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Tuberculosis in England and Wales in 1993: results of a national survey. Public Health Laboratory Service/British Thoracic Society/Department of Health Collaborative Group.
  1. D Kumar,
  2. J M Watson,
  3. A Charlett,
  4. S Nicholas,
  5. J H Darbyshire
  1. PHLS Communicable Disease Surveillance Centre, London, UK.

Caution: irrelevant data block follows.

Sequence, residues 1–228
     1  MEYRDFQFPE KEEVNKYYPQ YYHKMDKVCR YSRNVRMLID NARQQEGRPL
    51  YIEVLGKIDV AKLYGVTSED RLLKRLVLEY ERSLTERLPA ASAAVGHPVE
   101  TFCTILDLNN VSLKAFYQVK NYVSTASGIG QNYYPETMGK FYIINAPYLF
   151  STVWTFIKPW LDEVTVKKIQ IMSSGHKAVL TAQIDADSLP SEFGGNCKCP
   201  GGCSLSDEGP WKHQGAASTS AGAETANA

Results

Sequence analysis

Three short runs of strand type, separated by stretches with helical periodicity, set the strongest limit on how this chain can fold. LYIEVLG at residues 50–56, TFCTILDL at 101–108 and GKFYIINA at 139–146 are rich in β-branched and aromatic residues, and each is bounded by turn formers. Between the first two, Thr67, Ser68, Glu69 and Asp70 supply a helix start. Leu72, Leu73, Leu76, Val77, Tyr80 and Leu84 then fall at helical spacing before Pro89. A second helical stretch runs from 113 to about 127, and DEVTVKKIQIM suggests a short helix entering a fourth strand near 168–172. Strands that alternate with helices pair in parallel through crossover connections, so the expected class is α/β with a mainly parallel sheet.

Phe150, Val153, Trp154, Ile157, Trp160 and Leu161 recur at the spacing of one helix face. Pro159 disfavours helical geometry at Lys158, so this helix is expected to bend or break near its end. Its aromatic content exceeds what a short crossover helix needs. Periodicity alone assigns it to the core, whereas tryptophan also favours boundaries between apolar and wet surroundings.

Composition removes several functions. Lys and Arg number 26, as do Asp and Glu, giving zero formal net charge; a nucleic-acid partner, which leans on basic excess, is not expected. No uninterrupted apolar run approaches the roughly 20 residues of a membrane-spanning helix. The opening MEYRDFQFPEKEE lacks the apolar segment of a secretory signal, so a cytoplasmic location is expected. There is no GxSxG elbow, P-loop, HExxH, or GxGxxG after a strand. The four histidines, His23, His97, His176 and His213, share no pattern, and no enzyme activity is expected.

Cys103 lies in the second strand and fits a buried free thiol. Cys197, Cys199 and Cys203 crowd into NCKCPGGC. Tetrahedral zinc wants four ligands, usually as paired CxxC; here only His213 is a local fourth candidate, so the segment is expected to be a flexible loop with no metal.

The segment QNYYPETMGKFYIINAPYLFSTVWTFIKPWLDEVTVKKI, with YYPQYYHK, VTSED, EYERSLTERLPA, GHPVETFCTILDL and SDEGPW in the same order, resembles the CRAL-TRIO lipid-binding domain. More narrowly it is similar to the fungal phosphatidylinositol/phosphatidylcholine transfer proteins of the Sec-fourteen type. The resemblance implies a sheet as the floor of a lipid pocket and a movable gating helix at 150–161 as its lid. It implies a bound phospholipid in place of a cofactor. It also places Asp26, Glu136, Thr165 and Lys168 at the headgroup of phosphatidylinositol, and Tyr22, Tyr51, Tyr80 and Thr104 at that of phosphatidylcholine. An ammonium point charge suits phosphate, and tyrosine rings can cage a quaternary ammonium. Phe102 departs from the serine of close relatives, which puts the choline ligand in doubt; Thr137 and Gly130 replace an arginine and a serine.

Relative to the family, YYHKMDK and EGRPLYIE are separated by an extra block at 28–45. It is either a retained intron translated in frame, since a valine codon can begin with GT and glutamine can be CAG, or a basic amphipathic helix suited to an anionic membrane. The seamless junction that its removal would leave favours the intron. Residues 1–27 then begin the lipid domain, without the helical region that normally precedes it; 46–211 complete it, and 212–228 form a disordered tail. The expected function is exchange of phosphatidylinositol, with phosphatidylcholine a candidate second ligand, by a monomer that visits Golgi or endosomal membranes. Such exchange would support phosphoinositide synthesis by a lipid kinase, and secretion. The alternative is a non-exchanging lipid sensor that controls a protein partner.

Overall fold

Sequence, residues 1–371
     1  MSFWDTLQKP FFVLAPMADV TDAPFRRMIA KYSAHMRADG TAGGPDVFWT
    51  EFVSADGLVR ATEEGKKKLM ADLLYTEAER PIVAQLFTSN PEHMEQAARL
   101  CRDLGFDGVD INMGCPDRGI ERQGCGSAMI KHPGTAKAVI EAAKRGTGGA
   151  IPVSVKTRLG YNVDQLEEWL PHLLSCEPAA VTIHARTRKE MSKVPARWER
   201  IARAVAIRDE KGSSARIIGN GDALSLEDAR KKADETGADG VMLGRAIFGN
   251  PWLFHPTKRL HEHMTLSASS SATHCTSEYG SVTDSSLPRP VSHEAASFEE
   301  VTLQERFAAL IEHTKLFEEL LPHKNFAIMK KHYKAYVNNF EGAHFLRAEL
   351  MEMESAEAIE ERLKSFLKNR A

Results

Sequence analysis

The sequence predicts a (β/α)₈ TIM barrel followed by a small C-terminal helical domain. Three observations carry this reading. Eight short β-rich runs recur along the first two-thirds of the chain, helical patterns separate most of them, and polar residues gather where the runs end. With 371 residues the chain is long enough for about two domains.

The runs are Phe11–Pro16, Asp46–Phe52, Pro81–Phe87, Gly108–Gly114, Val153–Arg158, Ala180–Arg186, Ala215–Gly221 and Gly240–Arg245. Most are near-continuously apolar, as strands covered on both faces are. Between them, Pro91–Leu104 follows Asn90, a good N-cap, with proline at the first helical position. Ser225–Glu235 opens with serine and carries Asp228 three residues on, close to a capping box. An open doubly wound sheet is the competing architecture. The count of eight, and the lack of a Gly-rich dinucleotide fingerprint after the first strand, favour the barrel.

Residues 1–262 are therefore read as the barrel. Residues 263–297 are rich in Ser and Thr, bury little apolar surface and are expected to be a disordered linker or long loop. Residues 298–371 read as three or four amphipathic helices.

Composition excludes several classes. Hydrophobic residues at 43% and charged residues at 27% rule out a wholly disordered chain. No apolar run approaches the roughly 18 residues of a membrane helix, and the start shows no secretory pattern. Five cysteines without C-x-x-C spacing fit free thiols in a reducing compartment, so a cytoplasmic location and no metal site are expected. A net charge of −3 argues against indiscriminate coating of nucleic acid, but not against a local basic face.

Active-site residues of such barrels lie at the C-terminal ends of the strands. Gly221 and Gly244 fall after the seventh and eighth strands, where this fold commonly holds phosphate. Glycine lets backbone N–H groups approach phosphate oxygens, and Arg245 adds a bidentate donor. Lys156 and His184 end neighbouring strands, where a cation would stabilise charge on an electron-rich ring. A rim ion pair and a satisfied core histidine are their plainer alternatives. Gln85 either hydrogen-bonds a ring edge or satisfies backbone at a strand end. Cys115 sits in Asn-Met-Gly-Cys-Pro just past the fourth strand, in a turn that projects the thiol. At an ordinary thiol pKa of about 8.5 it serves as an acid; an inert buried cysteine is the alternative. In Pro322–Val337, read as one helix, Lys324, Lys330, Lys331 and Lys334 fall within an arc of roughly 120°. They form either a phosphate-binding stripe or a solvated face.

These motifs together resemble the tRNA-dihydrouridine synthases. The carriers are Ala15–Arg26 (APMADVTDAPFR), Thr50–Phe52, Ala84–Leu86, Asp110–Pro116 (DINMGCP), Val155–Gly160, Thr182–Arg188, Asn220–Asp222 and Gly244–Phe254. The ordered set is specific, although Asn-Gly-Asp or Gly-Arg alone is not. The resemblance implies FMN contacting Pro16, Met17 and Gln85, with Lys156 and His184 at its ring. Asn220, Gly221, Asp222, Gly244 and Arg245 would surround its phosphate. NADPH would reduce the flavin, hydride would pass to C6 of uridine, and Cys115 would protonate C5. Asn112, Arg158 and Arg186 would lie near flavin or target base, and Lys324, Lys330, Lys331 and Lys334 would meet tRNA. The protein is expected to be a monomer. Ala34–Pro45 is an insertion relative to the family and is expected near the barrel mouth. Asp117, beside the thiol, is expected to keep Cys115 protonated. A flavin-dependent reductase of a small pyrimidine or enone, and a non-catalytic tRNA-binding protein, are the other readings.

BACKGROUND: A national survey of tuberculosis notifications in England and Wales was carried out in 1993 to determine the notification rate of tuberculosis and the trends in the occurrence of disease by ethnic group in comparison with the findings of similar surveys in 1978/79, 1983, and 1988. The prevalence of HIV infection in adults notified with tuberculosis in the survey period was also estimated. METHODS: Clinical, bacteriological, and sociodemographic information was obtained on all newly notified cases of tuberculosis in England and Wales during the six months from 2 January to 2 July 1993. The prevalence of HIV infection in 16-54 year old patients with tuberculosis notified throughout 1993 was assessed using "unlinked anonymous" testing supplemented by matching of the register of patients with tuberculosis with that of patients with AIDS reported to the PHLS AIDS centre. Annual notification rates were calculated using population estimates from the 1993 Labour Force Survey. RESULTS: A total of 2706 newly notified patients was eligible for inclusion in the survey of whom 2458 were previously untreated the comparable figures for 1988 were 2408 and 2163. The number of patients of white ethnic origin decreased from 1142 (53%) in 1988 to 1088 (44%) in 1993 whereas those of patients of Indian, Pakistani, or Bangladeshi (Indian subcontinent (ISC)) ethnic origin increased from 843 (39%) in 1988 to 1014 (41%) and those of "other" (non-white, non-ISC) ethnic origins increased from 178 (8%) to 356 (14%). The largest increase was seen in the black African ethnic group from 37 in 1988 to 171 in 1993. Forty nine per cent of patients had been born abroad and the highest rates were seen in those who had recently arrived in this country. The overall annual notification rate for previously untreated tuberculosis in England and Wales increased between 1988 and 1993 from 8.4 to 9.2 per 100,000 population. The rate declined in the white, Indian, and black Caribbean ethnic groups and increased in all other groups. In the white group the rate of decline has slowed since the last survey: in several age groups the rates were higher in 1993 than 1988 but the numbers in these groups were small. Thirty six (4.1%) of the 882 previously untreated respiratory cases were resistant to isoniazid and three (0.3%) to isoniazid and rifampicin. Sixty two (2.3%) adults aged 16-54 years were estimated to be HIV-infected. Evidence of under-reporting of HIV positive tuberculosis patients was found. CONCLUSIONS: The number of cases and annual notification rate for previously untreated tuberculosis increased between 1988 and 1993. Although the decline in rates in the white population has continued, the rate of decline has slowed. The high rates in the ISC ethnic group population have continued to decline since 1988 whereas rates in the black African group have increased. An increased proportion of cases were found among people born abroad, particularly those recently arrived in this country. In previously untreated cases the level of drug resistance remains low and multi-drug resistance is rare. A small proportion of adults with tuberculosis were infected with HIV but there may be selective undernotification of tuberculosis in these patients.

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